Aftermath of the Easter Sunday Carnage
On Sunday, 4 April, the whole Pakistani nation remembered the victims of Lahore Carnage. Churches throughout Pakistan organised special prayer services while throughout the day, Muslim families visited their love ones’ graves in Lahore.
According to the latest reports, at least 74 people, both Christians and Muslims were killed, including 29 children. Over 370 people were injured in a suicide blast on the Easter Sunday, 27 March, at Gulshan Iqbal Park in Lahore, Pakistan. Lahore is the second largest city of Pakistan and Christians make up only 5 percent of the 80 million population of the city. At the time of the blast, about 3,000 people were visiting the park, where some Christian families were celebrating Easter, following the prayer services. Many wounded people are still in hospitals, and some are still in critical condition. It is estimated that around 32 Christians, mostly young children, from Nishtar Colony, Youhanabad, Bahar Colony, Khaliqnagar and Awan Market of Lahore have died in this Islamist suicide bombing strike.
Along with the Pakistani nation, the international community also condemned the devastated incident. Pope Francis called it bloodied and hideous attack and demanded protection of the country’s religious minorities, especially Christians, who were the main target of the attack.
Jamat-ul-Ahrar, a splinter group of the Pakistani Taliban, who has a close association with the Islamic State, claimed responsibility for this deadly attack. Ehsanullah Ehsan, a spokesman of the group said, “We claim responsibility for the attack on Christians as they were celebrating Easter.” Later, the group released the picture of the suicide attacker, identified as Salahuddin Khurasani. Jamaat-ul-Ahrar was based in the Mohmand agency of the tribal areas, led by Umar Khalid Khurasani. In March last year, the same terrorist group attacked two churches in Lahore. Lahore is the capital of Pakistan’s largest Punjab province and is the Prime Minister Nawaz Sharif’s hometown. The attackers’ main target was Pakistan’s poor Christian community. It was also a message to the government that these blood-thirsty groups are still capable of striking whenever and wherever they want, despite a yearlong military operation against terrorists in the northern part of the country. Though, the Taliban confessed that they were responsible for the attack, ironically, their apologists, are once again, promoting the same conspiracy theories to mislead the nation. Sadly, many people believe these theories, which is dividing the nation and strengthening the terrorists’ narrative. Islamists say that these attacks are conspiracy of the international forces against the Islamic groups.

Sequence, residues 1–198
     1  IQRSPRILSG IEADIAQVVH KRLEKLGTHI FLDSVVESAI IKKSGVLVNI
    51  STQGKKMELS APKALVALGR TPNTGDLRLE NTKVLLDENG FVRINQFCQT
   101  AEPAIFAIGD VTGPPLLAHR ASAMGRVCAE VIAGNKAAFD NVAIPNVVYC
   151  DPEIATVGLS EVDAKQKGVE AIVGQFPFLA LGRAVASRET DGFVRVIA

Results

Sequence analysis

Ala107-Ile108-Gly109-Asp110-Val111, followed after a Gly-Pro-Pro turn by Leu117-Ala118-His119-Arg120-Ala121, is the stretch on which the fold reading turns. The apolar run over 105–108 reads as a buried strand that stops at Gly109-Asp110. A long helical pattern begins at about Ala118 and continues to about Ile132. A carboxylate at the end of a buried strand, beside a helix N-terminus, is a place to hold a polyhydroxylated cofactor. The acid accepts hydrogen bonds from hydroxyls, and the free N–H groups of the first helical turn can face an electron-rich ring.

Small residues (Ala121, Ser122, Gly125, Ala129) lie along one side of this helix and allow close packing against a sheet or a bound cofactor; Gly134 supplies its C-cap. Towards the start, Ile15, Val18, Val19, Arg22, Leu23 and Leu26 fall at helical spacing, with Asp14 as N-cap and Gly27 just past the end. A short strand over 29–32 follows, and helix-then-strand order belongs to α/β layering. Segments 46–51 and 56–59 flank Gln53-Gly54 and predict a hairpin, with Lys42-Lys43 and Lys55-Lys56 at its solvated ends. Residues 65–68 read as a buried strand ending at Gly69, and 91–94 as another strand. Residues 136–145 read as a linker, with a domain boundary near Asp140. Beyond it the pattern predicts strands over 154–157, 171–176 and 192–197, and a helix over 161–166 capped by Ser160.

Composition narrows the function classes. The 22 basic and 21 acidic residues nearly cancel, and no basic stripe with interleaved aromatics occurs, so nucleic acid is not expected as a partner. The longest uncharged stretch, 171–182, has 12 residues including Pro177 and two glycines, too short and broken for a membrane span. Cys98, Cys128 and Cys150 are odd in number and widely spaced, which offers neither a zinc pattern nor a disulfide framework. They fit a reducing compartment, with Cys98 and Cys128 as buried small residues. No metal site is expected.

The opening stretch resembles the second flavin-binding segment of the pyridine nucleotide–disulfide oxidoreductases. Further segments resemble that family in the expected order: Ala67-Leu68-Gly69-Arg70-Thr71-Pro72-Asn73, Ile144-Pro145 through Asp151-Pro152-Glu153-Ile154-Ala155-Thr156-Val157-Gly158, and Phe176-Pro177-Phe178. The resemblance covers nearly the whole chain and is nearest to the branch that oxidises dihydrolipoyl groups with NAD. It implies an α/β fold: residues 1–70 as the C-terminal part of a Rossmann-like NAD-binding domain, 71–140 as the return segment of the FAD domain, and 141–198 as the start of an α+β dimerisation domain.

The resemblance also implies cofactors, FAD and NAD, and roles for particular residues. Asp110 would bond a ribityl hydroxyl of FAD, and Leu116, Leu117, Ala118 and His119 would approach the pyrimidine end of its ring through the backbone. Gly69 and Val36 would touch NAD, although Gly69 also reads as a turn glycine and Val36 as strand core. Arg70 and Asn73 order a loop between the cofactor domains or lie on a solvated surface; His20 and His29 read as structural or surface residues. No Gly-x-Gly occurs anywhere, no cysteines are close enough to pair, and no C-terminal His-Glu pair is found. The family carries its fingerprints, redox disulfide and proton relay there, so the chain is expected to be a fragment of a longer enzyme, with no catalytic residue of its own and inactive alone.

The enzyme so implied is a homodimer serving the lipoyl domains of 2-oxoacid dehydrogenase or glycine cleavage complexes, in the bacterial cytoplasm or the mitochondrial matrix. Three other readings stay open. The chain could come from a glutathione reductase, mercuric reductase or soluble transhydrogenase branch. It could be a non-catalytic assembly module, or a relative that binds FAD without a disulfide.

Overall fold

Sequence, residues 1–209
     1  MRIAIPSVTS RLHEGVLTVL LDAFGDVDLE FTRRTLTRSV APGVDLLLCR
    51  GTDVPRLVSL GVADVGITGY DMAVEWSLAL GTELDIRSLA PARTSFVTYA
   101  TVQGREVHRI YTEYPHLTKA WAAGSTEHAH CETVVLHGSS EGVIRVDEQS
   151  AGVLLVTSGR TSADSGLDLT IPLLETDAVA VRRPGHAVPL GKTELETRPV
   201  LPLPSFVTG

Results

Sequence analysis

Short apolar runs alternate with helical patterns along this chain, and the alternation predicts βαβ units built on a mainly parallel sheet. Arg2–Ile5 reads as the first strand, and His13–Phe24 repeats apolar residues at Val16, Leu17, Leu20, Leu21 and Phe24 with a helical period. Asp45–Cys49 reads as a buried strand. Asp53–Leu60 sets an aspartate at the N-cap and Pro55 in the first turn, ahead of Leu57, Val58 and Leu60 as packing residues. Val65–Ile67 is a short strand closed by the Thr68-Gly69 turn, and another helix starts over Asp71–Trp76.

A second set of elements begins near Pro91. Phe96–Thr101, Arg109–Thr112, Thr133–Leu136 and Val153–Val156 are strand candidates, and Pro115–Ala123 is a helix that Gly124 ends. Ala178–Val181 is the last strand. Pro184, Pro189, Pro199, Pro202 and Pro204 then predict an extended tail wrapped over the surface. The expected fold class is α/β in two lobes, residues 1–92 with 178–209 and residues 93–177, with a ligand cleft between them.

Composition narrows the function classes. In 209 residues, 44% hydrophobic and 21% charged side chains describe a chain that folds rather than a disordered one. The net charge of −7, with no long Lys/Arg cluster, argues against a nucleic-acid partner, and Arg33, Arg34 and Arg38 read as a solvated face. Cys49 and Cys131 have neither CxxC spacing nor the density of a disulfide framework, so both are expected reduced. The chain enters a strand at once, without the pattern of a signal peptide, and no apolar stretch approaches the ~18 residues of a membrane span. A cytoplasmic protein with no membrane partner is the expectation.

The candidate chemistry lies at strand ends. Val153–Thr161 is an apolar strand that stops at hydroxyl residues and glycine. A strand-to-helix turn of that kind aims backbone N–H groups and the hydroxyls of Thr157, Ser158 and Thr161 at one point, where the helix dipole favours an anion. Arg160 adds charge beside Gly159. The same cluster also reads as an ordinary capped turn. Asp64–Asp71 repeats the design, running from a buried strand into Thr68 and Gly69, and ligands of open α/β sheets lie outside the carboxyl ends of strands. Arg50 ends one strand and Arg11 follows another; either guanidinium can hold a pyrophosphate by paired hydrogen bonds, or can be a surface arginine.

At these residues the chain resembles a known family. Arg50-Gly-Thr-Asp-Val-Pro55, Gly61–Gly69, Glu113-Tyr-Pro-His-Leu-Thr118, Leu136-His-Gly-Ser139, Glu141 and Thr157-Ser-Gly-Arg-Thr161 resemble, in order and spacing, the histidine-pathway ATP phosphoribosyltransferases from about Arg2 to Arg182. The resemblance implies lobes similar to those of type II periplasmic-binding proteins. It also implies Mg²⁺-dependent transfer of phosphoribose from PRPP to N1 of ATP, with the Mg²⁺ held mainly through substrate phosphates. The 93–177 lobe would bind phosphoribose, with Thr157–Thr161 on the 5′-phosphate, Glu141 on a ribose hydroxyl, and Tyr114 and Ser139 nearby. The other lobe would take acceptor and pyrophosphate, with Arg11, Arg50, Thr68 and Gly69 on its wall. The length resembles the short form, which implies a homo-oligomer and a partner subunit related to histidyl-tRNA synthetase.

On the Easter Day, a suicide bomber blew himself up at the exit gate of the park at around 6.35 p.m. when children were playing on swings, and families were enjoying other recreational activities in the park. According to eyewitnesses, there were no proper security arrangements in and around the playground, which made it easy for the suicide bomber to enter the park without much difficulty and blow himself in the crowded area.
Immediately after the blast, Christian leaders asked the community to be peaceful and called for unity and brotherhood. They said terrorists want to destroy our unity, but we have to stay together to defeat them. People immediately rushed to the playground to help the victims, and many young people gathered outside the hospitals to donate blood for the wounded. Christians, Muslims, Hindus and Sikh, all showed solidarity through peaceful protests against the terrorists and organised peace vigils for the victims. Church leaders visited both the Christians and Muslims injured people in Sheikh Zaid and Jinnah Hospitals in Lahore, and prayed for them. They also prayed for the medical staff who worked tirelessly to save as many people as they could under the constant pressure.